2. Bravo…I was enjoying the review and just about cracked a rib laughing when I saw the last picture.

  3. I’ve found the USPs to be tack drivers, and I really like them. I’ve seen them gently used for around 599, which is a great price.

    I can get a brand new Glock or M&P for 398, so I have not purchased a HK. I CAN afford it, but I’d rather get a less expensive gun and use the money for ammo/car payment/baby furniture. If I had the disposable income I would buy one, but for my purposes the other two suit me better. But if you got the cash laying around, hey, go for it.

  4. “In six years of ownership and over 3000 rounds of not-exactly-rapid fire, I’ve had not one single failure, suppressed or otherwise. That is all.”

    First gun I ever bought was a USP 45 Compact. I’ve put countless thousands of rounds through it, and not a single hiccup. Granted, I never really held its feet to the fire, as I cleaned it meticulously after every trip to the range, but still- it’s a solid pistol.

  5. I just miss the good ole days when a lefty like me does not have to worry about bumping the slide stop.

    Hate the current wave of “ambidextrous” marketing hyperbole without asking what lefties really need


  6. There is no better hand gun, HK USP set the standard, they will not fail were others have, I myself have a USP 40, with close to 6000 rounds 0 failures, can’t say the same for any of my other guns, Glock19, Beretta 92FS,Colt 1911 GI or CZ 75B all have failed more than once

  7. Great review. It seems that in the past year HK has upgraded its USP 9mm tactical with a match grade trigger and O ring. It’s on my list of things to get but I will have to do something really great for my wife to slide that by.
    I am a relatively new shooter and my first handgun was an HK Mk 23. I know. In the words of Jessica Simpson, “I totally don’t know what that means…, but I want it.” I love the way it shoots. The only sound as cool as a pump shotgun being racked is the slide on a Mk 23 slamming forward. I had a good experience with HK service. After 300 rounds the slide would not set back after the last round in a magazine. They were puzzled to say the least. All the parts were in good order so they guessed it might be the springs. They sent me a new pair free of charge. Predictably they made no difference. It turned out, in an attempt to compensate for my poor trigger mechanics (new shooter remember) I was sliding my thumb over the slide release preventing it from engaging. I’m sure an instructor would have told me my thumb had no business up there but I had to figure that out on my own. They were very kind and helpful. My only complaint with HK is the price.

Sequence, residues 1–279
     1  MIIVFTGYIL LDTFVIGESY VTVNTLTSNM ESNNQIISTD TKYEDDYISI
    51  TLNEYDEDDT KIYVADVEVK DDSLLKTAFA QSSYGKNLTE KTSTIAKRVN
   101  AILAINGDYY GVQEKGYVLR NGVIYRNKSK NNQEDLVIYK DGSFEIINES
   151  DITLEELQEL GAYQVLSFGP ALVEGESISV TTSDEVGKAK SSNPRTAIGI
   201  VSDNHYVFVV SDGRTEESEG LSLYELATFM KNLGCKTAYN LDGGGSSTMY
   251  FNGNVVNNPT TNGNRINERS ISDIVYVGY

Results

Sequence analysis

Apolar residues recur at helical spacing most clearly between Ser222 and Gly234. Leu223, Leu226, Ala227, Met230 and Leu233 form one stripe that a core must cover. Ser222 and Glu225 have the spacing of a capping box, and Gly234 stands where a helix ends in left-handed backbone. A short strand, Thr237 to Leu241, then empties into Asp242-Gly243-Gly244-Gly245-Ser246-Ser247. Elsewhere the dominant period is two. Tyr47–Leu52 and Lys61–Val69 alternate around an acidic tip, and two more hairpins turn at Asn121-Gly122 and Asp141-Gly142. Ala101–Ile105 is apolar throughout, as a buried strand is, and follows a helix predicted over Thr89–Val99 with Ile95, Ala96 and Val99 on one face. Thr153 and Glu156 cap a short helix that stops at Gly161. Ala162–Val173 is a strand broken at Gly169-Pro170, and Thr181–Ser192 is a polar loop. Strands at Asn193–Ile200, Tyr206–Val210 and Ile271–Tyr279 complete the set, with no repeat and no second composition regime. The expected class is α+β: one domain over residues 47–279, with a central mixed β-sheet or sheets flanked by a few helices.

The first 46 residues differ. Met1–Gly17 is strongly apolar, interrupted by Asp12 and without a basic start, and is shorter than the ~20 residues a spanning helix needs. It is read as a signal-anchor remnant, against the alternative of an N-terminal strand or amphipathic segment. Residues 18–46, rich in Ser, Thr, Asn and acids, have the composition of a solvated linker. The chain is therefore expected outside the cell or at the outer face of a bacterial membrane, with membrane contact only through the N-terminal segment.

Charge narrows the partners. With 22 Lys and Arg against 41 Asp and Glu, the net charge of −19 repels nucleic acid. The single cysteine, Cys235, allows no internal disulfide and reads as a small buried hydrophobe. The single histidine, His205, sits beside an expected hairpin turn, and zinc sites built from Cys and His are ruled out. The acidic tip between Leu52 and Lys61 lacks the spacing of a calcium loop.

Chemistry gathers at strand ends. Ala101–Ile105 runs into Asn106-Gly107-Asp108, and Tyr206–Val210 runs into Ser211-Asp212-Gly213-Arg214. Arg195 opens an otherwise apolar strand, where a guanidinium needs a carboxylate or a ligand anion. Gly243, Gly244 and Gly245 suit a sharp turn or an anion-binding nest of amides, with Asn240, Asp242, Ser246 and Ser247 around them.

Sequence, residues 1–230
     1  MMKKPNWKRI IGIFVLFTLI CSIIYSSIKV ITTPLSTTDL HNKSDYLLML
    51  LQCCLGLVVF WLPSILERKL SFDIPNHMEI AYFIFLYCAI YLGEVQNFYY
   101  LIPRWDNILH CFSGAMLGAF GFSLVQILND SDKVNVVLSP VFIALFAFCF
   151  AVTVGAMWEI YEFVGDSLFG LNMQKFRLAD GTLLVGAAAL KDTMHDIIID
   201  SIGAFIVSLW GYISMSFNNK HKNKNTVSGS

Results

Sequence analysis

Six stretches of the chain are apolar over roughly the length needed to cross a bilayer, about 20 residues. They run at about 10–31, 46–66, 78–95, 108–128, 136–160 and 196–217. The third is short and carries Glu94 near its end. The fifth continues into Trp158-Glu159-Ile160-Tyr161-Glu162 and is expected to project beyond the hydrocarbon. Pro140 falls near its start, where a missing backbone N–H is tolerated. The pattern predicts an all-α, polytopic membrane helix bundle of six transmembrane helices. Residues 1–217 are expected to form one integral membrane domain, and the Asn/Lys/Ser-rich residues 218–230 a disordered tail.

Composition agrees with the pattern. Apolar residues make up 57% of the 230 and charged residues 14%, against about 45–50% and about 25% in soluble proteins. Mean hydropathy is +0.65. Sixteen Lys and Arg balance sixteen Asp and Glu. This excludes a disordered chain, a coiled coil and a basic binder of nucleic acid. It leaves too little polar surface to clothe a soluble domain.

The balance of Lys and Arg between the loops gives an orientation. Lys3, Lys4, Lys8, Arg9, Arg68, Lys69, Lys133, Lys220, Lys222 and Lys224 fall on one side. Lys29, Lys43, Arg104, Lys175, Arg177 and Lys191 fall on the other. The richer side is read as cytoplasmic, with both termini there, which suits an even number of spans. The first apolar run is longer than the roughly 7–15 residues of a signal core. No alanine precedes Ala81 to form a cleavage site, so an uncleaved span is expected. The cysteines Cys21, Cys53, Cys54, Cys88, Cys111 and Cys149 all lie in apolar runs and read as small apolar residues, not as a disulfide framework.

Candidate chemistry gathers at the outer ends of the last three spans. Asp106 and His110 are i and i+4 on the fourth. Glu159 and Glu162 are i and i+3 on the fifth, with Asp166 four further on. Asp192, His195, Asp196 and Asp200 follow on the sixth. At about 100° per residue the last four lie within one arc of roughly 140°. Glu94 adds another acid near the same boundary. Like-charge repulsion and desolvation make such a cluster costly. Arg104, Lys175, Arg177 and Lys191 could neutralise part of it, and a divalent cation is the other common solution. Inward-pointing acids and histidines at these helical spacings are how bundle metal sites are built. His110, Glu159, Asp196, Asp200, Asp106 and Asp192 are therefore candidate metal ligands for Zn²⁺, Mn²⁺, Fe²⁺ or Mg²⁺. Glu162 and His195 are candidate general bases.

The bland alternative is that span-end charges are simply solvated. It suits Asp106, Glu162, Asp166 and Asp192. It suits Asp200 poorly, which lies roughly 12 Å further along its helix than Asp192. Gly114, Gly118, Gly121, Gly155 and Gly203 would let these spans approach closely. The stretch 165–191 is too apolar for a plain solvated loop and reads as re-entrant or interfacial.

Keep up the great reviews. They helpful to those of us who don’t know everything about firearms yet.

      • Rogue Spear was fantastic, though we’re probably dating ourselves. As far as I’m concerned, progress peaked with Raven Shield and Athena Sword. Now there was a list of gear to aspire to!

        • Rogue Spear is even what introduced me to the Desert Eagle. The .357 model had a super badass sound.

          The game even taught me about 10mm with the MP5/10. Frickin’ legendary.

  8. “Operating operationally” “Windowless van…Creep”

    Oh, what a rattle your are. BTW, may I borrow these??

  9. Overhyped, overpriced, overly bulky, overly complicated. Plastic magazines have tendency to stick after some time in soft sand.
    Seen many people flip it off safe only to decock it.
    Good for fun but could never justify buying one.

    • I keep playing around with the idea of swapping the detent plate to disable the safety and make it DA/SA only. I haven’t accidentally decocked it yet, but I can definitely see it happening under stress.

    • Suspect those decocking when they only intend to change to “fire” are new to the pistol? a little practise and muscle memory and this is a non issue.

      like the folks hating on the serpa holster…

      to expect all actions are intuitive, reliable etc on first touch is unrealisitc.

    • I’ve always lived my life with the philosophy that it’s better to be a smartass than a dumbass.

  10. Well written, amusing and informative.

    I was unaware of all the differences between various USP models. I have the .45 Auto full sized USP as my carry and go to home defense pistol, suppressed with an Osprey as well (obviously not suppressed for carry). My sights and trigger bear very little relation to the SD. Mine’s a bit of a Frankengun though as it started life as a Plain Jane USP and had it’s tacticoolness added. I have to admit that the requirement to buy an aftermarket rail adaptor is frustrating but given the performance of the gun it’s a small issue IMHO.

    I’ve found it accurate and pleasant to shoot. However I have torture tested it to failure with the muffler on, which greatly increases fouling. She made it to 400-something rounds before she had problems feeding. Considering how filthy a can makes a semiautomatic I’d call that damn good.

      • Yeah the 45 mags have always been metal, but the 9 and 40 were plastic with a partial steel lining at the feed lips. I wasn’t really convinced at first, but they’ve held up admirably. The full steel lined jet funnel mags are a response to some Asian military request I believe, and they are awesome.